The warm welcome that Auntie Jocasta gives her Nephew, Neice in law and great Nephew was about the last warm fuzzy thing that happened in this episode. We get to meet Ulysses and Phaedra as well as John Quincy Myers. We see young Ian’s curiosity and fascination with Native Americans increase. Jamie and Claire arrive at River Run and Jocasta Cameron welcomes them in and has no plans of ever letting Jamie out of her clutches. Jamie is an 18th-century man and while he does not agree with owning people as property because he himself was once not free, he could possibly live with the idea. However, Claire cannot live with the idea. We are confronted with the horrors of slavery and as a white person, I need the reminder. I welcome the reminder, lest I forget that my privilege exists. Diana has said, (and I am strongly paraphrasing here) that political correctness has no place in historical fiction. However, having a modern woman in the 18th century can confront the ghastly political climate while maintaining historical accuracy. I think Jamie’s character needed to be confronted with what the realities of slavery really were in America. What Jamie experienced in his indentured service at Hellwater was bloody tame compared to what African Americans were forced to endure.
Slavery was a carefully planned system of oppression that made it near impossible for change to happen and the beginning of change wouldn’t happen until 100 years after this episode takes place and even then equality was far from view. Were Jamie and Claire catalysts for change in this episode? No, not really. I don’t think that was the point. I think it was two characters trying to make the best out of a scenario that only had terrible outcomes. Jamie and Claire stayed true to their characters in this episode, they did what they would have done when faced with the unimaginable.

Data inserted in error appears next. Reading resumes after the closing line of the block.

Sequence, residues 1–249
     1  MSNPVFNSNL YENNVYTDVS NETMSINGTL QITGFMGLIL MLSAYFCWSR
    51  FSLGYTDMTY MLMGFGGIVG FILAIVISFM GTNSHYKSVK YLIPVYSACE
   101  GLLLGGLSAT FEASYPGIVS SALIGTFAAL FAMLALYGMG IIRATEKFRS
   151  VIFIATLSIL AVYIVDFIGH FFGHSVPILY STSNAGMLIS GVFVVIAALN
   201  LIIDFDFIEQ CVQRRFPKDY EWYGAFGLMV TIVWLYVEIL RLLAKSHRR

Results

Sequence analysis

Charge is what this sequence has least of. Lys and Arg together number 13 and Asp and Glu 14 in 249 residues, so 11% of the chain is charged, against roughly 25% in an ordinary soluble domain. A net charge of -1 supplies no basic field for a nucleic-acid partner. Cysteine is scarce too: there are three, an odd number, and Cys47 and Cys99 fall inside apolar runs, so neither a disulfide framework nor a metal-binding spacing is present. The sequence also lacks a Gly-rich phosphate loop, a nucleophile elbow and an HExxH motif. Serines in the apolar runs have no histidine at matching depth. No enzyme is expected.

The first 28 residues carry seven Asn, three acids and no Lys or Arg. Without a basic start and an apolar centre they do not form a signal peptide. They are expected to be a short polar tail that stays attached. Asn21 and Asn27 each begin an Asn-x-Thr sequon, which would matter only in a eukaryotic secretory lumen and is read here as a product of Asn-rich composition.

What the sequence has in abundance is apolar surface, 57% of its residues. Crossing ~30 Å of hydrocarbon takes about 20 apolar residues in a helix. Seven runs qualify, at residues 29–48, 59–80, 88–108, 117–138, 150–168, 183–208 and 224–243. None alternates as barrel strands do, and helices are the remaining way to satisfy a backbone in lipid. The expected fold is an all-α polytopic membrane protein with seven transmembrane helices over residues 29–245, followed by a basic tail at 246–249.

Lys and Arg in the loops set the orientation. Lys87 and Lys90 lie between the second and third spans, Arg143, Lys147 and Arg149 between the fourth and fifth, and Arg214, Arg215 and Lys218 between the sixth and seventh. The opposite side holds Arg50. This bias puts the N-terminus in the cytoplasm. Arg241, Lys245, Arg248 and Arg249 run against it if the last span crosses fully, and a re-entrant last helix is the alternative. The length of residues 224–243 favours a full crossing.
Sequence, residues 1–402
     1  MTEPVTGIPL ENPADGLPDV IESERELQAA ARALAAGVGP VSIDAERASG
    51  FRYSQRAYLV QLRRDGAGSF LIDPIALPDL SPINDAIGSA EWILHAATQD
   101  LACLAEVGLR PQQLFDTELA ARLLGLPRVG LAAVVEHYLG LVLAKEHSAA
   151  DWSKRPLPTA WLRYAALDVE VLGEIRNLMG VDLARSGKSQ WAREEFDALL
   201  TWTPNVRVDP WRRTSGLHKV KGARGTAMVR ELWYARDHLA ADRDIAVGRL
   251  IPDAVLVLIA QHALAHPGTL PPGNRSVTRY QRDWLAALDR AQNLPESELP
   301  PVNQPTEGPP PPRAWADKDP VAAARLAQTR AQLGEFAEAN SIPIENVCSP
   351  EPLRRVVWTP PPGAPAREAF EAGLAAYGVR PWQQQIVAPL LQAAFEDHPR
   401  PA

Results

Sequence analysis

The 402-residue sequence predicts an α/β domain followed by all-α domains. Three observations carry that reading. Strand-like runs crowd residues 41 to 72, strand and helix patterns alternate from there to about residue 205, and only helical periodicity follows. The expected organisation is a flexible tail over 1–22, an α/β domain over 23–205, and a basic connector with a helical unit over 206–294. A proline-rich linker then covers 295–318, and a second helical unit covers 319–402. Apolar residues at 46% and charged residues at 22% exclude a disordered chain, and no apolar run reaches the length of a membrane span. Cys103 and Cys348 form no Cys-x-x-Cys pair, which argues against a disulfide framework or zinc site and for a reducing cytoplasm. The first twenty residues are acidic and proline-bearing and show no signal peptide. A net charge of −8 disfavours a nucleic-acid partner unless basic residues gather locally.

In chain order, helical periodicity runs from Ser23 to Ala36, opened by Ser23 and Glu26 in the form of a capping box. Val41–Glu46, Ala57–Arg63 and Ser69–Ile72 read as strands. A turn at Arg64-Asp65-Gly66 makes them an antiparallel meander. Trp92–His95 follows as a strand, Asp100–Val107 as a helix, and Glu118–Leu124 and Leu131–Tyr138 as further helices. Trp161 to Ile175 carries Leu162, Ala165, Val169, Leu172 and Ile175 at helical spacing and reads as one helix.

Do No Harm went a little off script from the book, the Character of Rufus died on the scene where we first see him. Your heart breaks for this young man who is barely even out of boyhood. He was robbed of the chance to have any other fate than that of which he endured, a tragedy most atrocious. It is a strange feeling to not know what is going to happen next when watching Outlander and I admit I covered my eyes during the surgery scene and the final scene when Rufus’s corpse is dragged off the porch with a noose around his neck by the angry mob. It was positively horrifying and I think that was the point. Slavery was absolutely horrifying in every single aspect. There is no way to sugar coat it or look at it with rose colored glasses. I am very curious to know the thoughts and feelings that people of color had when watching Do No Harm. I welcome, honor and revere the thoughts, feelings and insights that are so needed by people of color regarding this episode.